Current Secretary of Labor Alexander Acosta was the U.S. Attorney at the time, appointed by George W. Bush, and the FBI provided him with a 53-page indictment against Epstein (“Acosta defends his Epstein plea deal,” front page, July 11). Without consultation with the girls or their attorneys, Acosta worked with Epstein’s lawyers to create a “deal” by which Epstein was sentenced to spend 13 months in a large jail cell with a desk, and six days per week of 12-hour work-release time. The deal also gave immunity to all other people who may have aided Epstein’s criminal acts.
Let’s be blunt: Epstein’s and Acosta’s actions were known by U.S. senators when Acosta was nominated for labor secretary in 2017, and yet all the Republicans voted this protector of a wealthy financier into office. And, our current Republican president is an admitted sexual predator (“grab them by the ...”).
What will we do about Republicans in 2020? Justify what they do? Let it fly? Or as Willie Nelson sings, “Vote ’em out”?
Leon Thurman, Burnsville
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Recent news coverage of Epstein focuses on his wealth, power, influential friends and ornate mansion. Where are the voices of his victims?
Last year 100 girls under age 18 found refuge at Brittany’s Place in St. Paul, a shelter for girls who are victims of sex trafficking and exploitation. At Brittany’s Place, hair braiding, board games and trips to the zoo are as much a part of the day as counseling, group therapy and activities to rebuild self-esteem. Like Epstein’s victims, these girls will carry lifelong trauma as a result of the adults who abused them.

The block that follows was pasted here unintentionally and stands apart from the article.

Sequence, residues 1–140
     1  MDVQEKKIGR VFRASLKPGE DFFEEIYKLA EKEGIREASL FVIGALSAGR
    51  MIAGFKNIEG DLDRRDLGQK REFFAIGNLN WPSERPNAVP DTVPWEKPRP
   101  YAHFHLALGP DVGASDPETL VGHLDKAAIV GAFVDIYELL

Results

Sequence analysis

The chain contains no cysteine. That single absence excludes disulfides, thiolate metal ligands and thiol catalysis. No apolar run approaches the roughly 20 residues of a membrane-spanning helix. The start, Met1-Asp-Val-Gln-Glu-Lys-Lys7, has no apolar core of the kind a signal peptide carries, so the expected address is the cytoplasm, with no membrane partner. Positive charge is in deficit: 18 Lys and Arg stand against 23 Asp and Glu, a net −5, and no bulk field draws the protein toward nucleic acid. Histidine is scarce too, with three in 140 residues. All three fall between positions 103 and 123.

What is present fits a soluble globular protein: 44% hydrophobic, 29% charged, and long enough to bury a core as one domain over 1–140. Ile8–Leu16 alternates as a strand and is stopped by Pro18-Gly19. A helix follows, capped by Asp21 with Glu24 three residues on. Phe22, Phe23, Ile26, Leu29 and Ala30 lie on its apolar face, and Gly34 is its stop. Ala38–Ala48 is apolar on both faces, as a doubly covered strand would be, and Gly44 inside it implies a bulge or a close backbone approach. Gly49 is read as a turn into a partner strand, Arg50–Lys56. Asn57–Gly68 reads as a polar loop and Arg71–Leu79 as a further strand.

Too often children’s voices are marginalized. We speak for these victims.
The Staff at Brittany’s Place, St. Paul
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I have read and listened to the coverage of the recent indictment of Epstein for the sex trafficking of minor girls. The coverage of this story for the most part uses euphemisms, understatements, inoffensive language and underplays Einstein’s heinous pedophilic acts. As his crime is discussed and reported, we hear words and phrases like “luring girls,” “victimization,” “molestation,” “seedy behavior,” “underage young girls,” “violations” and “serial sex abuser.”
We will never understand the violence and the physical and psychological trauma that occurs from these pedophilic acts if we continue to refuse to call them for what they are: rape and assault. We need to stop the pretense, verbal evasion and purism. No, we need instead to offend. We need to honor all these young girls with the truth. No more euphemisms. These are not stories of unlawful sex acts. These are stories of violence, trauma, assault and rape.
Geri Minton, Roseville
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Steve Sack’s July 11 political cartoon regarding Epstein’s “stains” rubbing off on Bill Clinton and Donald Trump seemed unintentionally complimentary to both presidents, as it assumed there is character there to besmirch.
John M. Fochs, Duluth, Minn.
Trump is still pushing the citizenship question. That should scare you.
President Donald Trump even considering issuing an executive order instituting a citizenship question after the Supreme Court decided the administration had no legal bearing to do so should frighten even the most ardent Trump supporter.
The idea that the president of the United States would consider overruling a Supreme Court decision through executive action puts a knife in the very heart of our system of checks and balances. This is how we slide into a dictatorship.
Christopher Dobson, Cannon Falls, Minn.